Thursday, April 16, 2009

Not In Our Stars: The Betrayals of the Battlestar Galactica Finale

(Greetings Colonial Refugees and Rebel Cylons - this is my first post as part of the Sitrep editorial team. Now that the show is over, I am excited to see this blog become a space for fans to continue to uncover the rich and complex meaning of different aspects of the show, and what it has to say about us (in addition to keeping on top of Caprica developments, DVD releases, books and articles that cover the show, etc). To that end, my first post is a little provocative, to spark some debate and get us all talking... )

Not In Our Stars: the Betrayals of the Battlestar Galactica Finale

by Sam J. Miller

The fault, dear Brutus, is not in our stars, but in ourselves...”

Julius Caesar, Act I, Scene ii

The episode ends, and I stare at the screen. I've prepared myself for a soul-shattering ending, for horrible things, for these characters who I love so much to be dispatched in ways that make me sob and tremble and nod my head because I know, as much as it hurts, that it all makes perfect sense.

Because a huge chunk of what made Battlestar Galactica such a shockingly brilliant show was how much it rejected the cliches and easy answers of standard mainstream storytelling. Because characters were faced with real, challenging dilemmas, and things never ended in a tidy, cheery way. Because good people did terrible things. Because desperately flawed men and women somehow managed to be heroes, or find love. Because things were messy. And ugly. Just like life. Just like all great art. Yet the finale of Battlestar Galactica turned its back on all that, opting instead for the kind of shiny happy ending we associate with a far lower grade of television fare, and which its beautifully-damaged characters didn't deserve.

I'm on the losing side of this, I know, from the ton of time I've spent on message boards and blog comment pages, trying to come through my own sense of grief and loss and betrayal. Most fans loved the last episode. I loved the first half. The Caprica flashbacks were wonderful. Watching Roslin emerge from her grief and choose the life of service that would ultimately make her President and the savior of humanity was wonderful. Galactica jumping right in, inches away, face to face with the Colony. Boomer's moment of redemption. Hybrid Sam tricking the other hybrids. And finally—the song—Starbuck putting the pieces together—jumping Galactica to Gods know where—the ship's back breaking...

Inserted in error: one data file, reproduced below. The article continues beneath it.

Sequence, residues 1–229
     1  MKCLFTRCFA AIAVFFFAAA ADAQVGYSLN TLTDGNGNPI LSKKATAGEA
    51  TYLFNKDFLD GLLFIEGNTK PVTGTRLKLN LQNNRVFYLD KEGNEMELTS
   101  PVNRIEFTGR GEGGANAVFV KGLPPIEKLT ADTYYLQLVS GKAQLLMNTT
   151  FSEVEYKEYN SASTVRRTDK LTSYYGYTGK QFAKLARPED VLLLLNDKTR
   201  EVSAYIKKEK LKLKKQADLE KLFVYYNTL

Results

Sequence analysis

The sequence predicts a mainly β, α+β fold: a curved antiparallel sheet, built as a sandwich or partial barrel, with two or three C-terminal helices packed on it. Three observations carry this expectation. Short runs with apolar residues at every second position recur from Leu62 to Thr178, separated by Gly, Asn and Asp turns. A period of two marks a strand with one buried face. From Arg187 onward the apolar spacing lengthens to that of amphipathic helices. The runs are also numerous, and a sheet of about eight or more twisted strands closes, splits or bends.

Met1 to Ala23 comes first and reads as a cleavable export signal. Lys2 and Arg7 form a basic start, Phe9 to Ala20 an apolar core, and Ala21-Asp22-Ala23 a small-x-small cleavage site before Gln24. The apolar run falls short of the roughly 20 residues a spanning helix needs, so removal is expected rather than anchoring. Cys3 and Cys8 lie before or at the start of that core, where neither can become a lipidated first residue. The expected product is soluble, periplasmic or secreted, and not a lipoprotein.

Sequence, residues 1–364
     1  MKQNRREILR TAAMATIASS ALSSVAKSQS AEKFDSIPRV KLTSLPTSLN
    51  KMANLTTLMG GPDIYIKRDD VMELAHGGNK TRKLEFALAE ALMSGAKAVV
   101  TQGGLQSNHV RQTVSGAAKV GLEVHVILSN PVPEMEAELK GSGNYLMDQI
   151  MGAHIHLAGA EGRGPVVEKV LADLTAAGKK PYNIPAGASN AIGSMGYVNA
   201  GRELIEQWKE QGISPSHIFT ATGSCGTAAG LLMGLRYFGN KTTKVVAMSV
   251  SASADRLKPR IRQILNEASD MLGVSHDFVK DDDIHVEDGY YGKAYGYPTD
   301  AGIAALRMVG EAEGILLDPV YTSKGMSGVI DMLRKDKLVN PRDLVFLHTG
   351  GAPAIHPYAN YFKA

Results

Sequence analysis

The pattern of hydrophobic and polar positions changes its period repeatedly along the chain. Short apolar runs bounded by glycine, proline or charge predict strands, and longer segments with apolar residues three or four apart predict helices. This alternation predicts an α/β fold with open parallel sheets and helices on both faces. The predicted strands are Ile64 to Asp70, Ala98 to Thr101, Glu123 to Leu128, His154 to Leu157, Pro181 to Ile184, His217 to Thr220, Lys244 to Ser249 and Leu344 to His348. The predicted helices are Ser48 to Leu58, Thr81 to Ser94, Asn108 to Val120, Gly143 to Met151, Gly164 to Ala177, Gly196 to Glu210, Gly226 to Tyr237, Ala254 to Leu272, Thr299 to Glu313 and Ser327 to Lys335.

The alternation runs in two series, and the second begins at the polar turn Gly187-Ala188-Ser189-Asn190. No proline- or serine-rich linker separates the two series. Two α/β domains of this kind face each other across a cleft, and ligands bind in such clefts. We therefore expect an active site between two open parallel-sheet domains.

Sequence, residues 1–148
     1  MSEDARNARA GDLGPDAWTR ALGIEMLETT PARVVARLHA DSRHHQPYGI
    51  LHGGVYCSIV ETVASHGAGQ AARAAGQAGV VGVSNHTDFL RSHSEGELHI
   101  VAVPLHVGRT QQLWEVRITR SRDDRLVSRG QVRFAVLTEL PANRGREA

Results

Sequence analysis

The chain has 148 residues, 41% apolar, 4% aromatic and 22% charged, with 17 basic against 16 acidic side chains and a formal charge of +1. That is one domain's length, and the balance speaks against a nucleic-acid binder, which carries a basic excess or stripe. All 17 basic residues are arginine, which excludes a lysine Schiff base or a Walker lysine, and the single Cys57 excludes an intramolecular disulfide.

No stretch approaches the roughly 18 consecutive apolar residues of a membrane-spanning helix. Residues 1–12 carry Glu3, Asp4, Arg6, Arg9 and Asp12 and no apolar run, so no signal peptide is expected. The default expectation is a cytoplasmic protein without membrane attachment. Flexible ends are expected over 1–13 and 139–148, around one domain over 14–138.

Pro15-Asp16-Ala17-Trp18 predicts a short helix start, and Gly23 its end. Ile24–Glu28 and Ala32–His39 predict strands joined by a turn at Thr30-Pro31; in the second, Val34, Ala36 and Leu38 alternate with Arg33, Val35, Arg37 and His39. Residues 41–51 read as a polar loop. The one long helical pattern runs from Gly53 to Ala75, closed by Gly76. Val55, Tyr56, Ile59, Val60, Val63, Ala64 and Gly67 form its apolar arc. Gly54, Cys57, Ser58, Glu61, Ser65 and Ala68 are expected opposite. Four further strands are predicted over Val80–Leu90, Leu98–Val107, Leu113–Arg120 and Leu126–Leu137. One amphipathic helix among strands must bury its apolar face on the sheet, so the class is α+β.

And that's when I started to feel sick. This lush green blue paradise, this answered prayer, this FUCKING! HAPPY! ENDING! Such bright sunshine was utterly out of character for Battlestar Galactica. The show's darkness did not derive from the lightless vacuum of space in which it was set, but rather in the hearts of the characters. Old Man Adama's words, uttered in the miniseries, became Battlestar Galactica's first article of faith: “we are the flawed creation.” We must answer for our mistakes. We get what we deserve. Passing into the promised land so easily, it felt like we'd suddenly switched to a whole new show. As the writer Alexander Chee said of the finale, “It felt like getting the fortune you don’t want from the fortune teller, not because you fear it, but because it is simplistic, and you know the fortune teller is lying.”

Battlestar Galactica resonated so deeply because it was it had the guts to be as dark and disturbing and depressing as the modern world itself. It was the show that could finally show us how ugly we are. I've always felt that the show was just 'finding itself' until the Pegasus showed up at the end of Season 2.0. It was always dark as fuck, but it also had whole episodes of humor and lightness (Ellen playing footsies with Lee in Tigh Me Up, Tigh Me Down) or glib political soap opera (Colonial Day) and spirituality (the Kobol arc)... and then here comes the Pegasus, with its gang rapes and magnificent evil lesbian and the plot to kill Adama, and Roslin saying "we have to kill her..." and from THERE, the show never faltered, as far as I'm concerned. there was never an episode that broke that vibe of unrelenting harshness. Sure, some were weaker or slower than others, and some were not SO focused on the ugliness, but even a more "laid back" episode like Taking a Break From All Your Worries is really all about torturing Baltar. And for me, the most brilliant perfect moment in the entire series was the discovery of nuclear-wasteland Earth at the end of Revelations. That exemplifies the extent to which Battlestar Galactica refused to coddle its viewers, or give them easy answers, or make them feel better about themselves and the world they live in. “So you've spent all this time looking for Earth? You've pinned all your hopes and dreams on finding Earth? You think all your problems will vanish when you find Earth? Well here, motherfrakker, here's your Earth—now what?” Our problems are in ourselves, not our circumstances or in the stars, and it's naïve to think that finding a new home or winning a million dollars will make us all into perfect beings.